today you’re going to work on your plans for your themed conversation (to be practiced in week 15 in class, and conducted with me for assessment on week 16.
Aims and criteria for success
- Understand the purpose of the conversation is to tell the listener about something (so a little different from an everyday conversation). Choose a topic, theme(s) and or thesis.
- Plan to converse in a manner that is informative, interesting, and logically coherent. Remember, the theme for this semester is expressing your critical judgements.
- Have clear expectations of your listener: it is her/his jobs to prompt you to continue, s/he may ask questions to help you along, but his main task is to listen to what you are telling him.
Note: the task is to conduct a conversational-style talk on a theme of your choosing. This is different from an everday conversation in some ways: it allows you to plan and practice your talk. You can thereby work on aspects of your themed conversation beforehand, including getting your sentences working correctly, and finding the right (appropriate) vocabulary.
- Organise your ideas for speaking. Have a structure in mind
- Speak clearly and grammatically correctly.
- Be time effective. Plan your conversation material so that it lasts for approx. four minutes (the time is not as strictly judged as the debate presentation, but make sure that you have enough to say; you won’t be penalised in assessment for going slightly over four minutes.
- If you want to use powerpoint or images to help your discussion make sure they help and don’t distract from your conversation.
Today: i) plan your themes conversation and tell me about it ii) listenening and comprehension: colloquial English (“English” English).
Work on your plans, and discuss in your small groups.
You might like to start with an idea map, and then begin to give your ideas structure by ordering them, finding support for each main idea, and excluding any material that doesn’t seem sufficiently useful, interesting or relevant.
Many of the criteria for a successful themed conversation are similar to those for debating (although a debate is a more formal spoken word exercise). John Langan four basis for planning written your ideas and their presentation are also relevant for this spoken-word assignment. They are unity, coherence, support, sentence skills. (Langan, J. College Writing Skills, 9th ed. 2006).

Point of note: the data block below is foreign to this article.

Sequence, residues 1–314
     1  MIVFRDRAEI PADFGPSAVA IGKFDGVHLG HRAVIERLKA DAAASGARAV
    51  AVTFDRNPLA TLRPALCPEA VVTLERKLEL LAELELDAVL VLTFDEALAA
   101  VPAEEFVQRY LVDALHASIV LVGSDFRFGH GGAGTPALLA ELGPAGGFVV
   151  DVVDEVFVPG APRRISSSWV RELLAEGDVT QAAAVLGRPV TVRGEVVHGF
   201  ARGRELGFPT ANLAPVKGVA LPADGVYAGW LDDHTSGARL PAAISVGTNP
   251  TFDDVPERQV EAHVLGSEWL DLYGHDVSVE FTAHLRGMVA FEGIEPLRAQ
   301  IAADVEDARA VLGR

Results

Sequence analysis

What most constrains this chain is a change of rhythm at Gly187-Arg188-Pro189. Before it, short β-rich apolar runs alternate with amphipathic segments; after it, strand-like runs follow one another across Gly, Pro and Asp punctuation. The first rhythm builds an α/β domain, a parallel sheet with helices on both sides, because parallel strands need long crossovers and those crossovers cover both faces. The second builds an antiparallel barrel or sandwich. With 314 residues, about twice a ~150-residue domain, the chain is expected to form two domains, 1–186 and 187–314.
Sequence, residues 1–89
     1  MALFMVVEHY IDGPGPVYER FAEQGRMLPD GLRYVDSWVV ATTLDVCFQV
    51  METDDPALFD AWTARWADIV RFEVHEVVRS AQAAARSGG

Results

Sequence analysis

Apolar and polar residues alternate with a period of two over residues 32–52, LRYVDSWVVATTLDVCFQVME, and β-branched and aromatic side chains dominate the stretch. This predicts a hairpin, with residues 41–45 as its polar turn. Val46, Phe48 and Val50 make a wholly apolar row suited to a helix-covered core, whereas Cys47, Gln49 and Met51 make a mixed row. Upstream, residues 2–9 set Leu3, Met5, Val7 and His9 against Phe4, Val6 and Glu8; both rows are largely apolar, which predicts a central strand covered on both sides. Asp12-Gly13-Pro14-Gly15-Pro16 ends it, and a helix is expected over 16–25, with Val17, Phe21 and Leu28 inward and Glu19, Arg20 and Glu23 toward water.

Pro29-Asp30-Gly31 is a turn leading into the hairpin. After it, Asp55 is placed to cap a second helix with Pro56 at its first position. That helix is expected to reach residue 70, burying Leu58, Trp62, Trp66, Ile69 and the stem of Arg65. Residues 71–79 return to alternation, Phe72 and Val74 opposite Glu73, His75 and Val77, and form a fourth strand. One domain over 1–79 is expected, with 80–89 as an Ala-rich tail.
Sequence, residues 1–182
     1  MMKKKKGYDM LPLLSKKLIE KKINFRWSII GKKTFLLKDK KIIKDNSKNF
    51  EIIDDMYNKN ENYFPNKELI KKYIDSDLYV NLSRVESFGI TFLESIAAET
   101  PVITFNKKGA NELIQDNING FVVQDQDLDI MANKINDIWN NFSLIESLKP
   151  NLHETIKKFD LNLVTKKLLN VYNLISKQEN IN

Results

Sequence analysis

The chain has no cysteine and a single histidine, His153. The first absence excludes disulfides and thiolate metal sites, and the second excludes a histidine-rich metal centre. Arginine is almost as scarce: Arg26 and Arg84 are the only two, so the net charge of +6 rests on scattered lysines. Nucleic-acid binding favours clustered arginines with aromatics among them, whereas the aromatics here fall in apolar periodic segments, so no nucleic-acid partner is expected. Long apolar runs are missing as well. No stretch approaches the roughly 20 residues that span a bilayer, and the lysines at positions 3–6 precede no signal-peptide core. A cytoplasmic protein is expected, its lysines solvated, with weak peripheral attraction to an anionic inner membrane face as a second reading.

It might help to organise your material into an introduction, discussion body (three or more main ideas) and conclusion.
Use the Sentence-skills guide as a checklist when you practice.
Revise and edit so that you sentences are effective and error-free. Ask your friends to do practice with you and listen for any errors in the following areas:
- Correct verb forms?
- Subject and verb agreement?
- Avoidance of fragments (speaking in full sentences)?
- Correct use of pronouns including gender (he/she)?
- Needless words eliminated?
- Effective word choices?
- Varied sentences?
Verbal presentation: clarity, speed, volume
Clarity: Speak clearly and enunciate correctly.
- Pronounce your words correctly.
- Make sure you don’t garble your words (they should be clearly distinct and not run into each other).
- Express your ideas as simply and clearly as possible (avoid unnecessarily complex language).
Speed: Speak at a conversational pace, but not too quickly.
- Make sure you don’t speak too quickly. A good way to ensure this is to concentrate on starting slowly (reinforcing the feeling of speaking at a measured pace to your audience).
Volume: Your volume should be appropriate for the context of your presentation.
- As we will be presenting in a small classroom, just to the teacher, you might use a normal conversational tone.
- However, don’t speak too softly; we need to be able to hear (and record) you clearly.
Like the spoken word debate its a good idea to practice with friends. See if they can hear any mistakes or make any other suggestions. You might want to record the conversation and listen back to yourself. We will have a practice class in week 15 when I will listen to you and give you feedback. Practice is very good for keeping on time.
Everyday (colloquial) “English” English (not British English)
Colloqial English: spoken English is always changing. Old words and phrases are reinvented for other purposes, sometimes as metaphor or synecdoche (for example, the word “suit” has become a synechdoche for a businesswo/man.
Let’s listen to two pairs of English actors explain some colloqial English English.First are the actors Emma Stone (American) and Rachel Weisz
Did you understand the English slang and the actors’ explanations? Let’s check.
Again, did you understand the English slang and the explanations? Let’s check.
Last video, let’s listen to Tom Hardy and Riz Ahmed.
Let’s check the terms that we are not sure of again.
Chinese colloquialisms (slang): Do they translate?
Can you think of some Chinese slang words, phrases or sayings?
Can they be translated into English? Would they make sense to an Anglophone listener?